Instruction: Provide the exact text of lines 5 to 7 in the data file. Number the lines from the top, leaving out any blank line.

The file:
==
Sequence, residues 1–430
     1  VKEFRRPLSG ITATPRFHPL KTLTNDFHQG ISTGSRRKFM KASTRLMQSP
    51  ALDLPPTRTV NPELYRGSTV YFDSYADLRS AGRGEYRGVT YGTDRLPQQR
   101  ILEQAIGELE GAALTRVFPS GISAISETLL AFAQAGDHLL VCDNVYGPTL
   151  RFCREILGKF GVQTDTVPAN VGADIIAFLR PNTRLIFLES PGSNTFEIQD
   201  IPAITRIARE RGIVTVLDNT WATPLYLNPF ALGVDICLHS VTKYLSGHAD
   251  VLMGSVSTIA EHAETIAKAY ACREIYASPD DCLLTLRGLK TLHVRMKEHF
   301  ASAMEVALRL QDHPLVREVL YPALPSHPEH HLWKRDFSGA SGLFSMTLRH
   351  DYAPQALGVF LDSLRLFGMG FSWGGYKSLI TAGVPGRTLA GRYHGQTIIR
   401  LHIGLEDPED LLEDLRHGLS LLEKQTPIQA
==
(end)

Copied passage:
   151  RFCREILGKF GVQTDTVPAN VGADIIAFLR PNTRLIFLES PGSNTFEIQD
   201  IPAITRIARE RGIVTVLDNT WATPLYLNPF ALGVDICLHS VTKYLSGHAD
   251  VLMGSVSTIA EHAETIAKAY ACREIYASPD DCLLTLRGLK TLHVRMKEHF